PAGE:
What Do You Consider to Be the Top Medical Advances of the Past 20 Years?

Ryan Syrek, Editor


May 27, 2015

The rise of corporate healthcare: Although this is perhaps the greatest threat to proper primary care, it also holds the seeds of opportunity. Corporate healthcare, as driven by health plans and hospital systems, is too often concerned with making money over saving money, putting primary care at risk of being perceived as an upstream funnel that feeds referrals, procedures, and admissions downstream. Instead, primary care should be the principal site where health can be protected, disease prevented, and costs saved. The Institute for Healthcare Improvement (IHI) has introduced the IHI Triple Aim, which is broken down into care, heath, and cost. If armed with a proper understanding of the value of primary care to the Triple Aim, corporate healthcare can bring enormous resources to the transformation of primary healthcare and its integration into the rest of the system.

The incorporation of chronic disease management into primary care: This represents the transition from reactive, acute care medicine to proactive, early intervention. Chronic disease management accounts for 80% of the care given in the primary care setting, and this transition has thus rendered primary care much more effective.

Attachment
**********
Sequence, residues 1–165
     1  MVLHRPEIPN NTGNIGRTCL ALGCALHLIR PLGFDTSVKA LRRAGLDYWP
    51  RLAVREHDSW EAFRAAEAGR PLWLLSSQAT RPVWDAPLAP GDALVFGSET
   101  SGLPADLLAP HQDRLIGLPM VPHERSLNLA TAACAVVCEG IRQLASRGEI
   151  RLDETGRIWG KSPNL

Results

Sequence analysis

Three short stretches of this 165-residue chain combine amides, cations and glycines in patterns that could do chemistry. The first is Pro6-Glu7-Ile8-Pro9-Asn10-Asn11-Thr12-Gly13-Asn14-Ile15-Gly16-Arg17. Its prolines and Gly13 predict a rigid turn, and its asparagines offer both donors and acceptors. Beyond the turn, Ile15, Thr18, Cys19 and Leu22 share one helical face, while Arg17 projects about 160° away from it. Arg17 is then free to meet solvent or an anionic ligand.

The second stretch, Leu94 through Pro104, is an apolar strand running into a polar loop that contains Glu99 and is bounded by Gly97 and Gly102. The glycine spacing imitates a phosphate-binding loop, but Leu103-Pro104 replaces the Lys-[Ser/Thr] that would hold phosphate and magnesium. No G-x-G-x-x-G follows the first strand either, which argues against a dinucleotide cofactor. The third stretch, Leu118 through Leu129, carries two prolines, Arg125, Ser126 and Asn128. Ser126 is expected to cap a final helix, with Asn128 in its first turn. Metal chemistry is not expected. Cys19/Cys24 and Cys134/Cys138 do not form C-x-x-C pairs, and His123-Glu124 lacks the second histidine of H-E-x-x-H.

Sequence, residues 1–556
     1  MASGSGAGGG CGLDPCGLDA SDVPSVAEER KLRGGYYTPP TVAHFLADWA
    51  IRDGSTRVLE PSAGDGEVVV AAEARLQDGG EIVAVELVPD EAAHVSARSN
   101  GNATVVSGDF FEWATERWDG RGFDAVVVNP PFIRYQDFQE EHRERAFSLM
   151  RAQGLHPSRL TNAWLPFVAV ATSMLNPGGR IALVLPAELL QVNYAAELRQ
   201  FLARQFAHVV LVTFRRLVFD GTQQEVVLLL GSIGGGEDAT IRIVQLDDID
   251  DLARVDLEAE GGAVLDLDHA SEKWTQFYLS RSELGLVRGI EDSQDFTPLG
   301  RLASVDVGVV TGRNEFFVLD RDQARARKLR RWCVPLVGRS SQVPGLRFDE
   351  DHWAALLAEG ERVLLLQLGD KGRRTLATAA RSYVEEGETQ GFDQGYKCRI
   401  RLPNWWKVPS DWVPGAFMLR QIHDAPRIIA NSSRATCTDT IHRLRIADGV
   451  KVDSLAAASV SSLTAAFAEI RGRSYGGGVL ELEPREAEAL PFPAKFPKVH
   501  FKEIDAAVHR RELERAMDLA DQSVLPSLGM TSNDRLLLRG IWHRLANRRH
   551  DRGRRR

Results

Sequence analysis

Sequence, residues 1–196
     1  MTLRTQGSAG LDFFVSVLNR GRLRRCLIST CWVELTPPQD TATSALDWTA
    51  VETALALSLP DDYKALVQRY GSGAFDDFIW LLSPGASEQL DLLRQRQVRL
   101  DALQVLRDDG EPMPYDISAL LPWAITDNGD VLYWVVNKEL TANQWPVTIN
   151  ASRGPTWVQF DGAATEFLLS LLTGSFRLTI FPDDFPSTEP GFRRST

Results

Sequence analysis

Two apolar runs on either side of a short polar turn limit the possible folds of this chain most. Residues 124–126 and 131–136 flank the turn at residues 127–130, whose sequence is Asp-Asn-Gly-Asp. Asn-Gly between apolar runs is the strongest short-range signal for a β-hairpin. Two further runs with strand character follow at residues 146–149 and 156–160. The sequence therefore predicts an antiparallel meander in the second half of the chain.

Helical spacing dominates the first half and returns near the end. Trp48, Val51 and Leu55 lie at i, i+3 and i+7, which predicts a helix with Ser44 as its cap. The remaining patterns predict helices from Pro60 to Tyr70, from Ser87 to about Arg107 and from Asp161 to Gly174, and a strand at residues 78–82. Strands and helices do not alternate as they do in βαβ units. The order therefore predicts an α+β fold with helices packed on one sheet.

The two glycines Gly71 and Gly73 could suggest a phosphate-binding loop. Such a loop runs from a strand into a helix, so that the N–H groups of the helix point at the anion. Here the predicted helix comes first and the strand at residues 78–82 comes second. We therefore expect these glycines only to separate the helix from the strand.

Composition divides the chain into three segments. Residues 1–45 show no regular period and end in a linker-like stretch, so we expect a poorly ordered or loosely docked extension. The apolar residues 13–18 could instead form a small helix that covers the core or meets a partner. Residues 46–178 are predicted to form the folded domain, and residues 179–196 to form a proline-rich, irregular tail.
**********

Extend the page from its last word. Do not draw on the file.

The patient-centered medical home: This marks the move to comprehensive, coordinated care and acknowledges the need to manage patients with multiple comorbidities instead of futilely trying to manage one disease at a time.

The integration of behavioral healthcare into the patient-centered medical home: This represents the greatest step toward comprehensive, integrated care. Almost all medical problems encountered in the primary care setting have a psychosocial component, and it should be addressed concurrently, in an integrated, coherent fashion.

The emerging integration of community health resources into primary care: Primary care exists at the border between the healthcare system and the community. Most health is won or lost in the community, and connecting these two elements is an enormously difficult, but extremely important, proposition.

Top primary care advances selected by Frank Verloin deGruy III, MD, MSFM, Woodward-Chisholm Professor and Chair, Department of Family Medicine, School of Medicine, University of Colorado Anschutz Medical Campus, Aurora, Colorado.

For more on the rise of corporate healthcare, read here.


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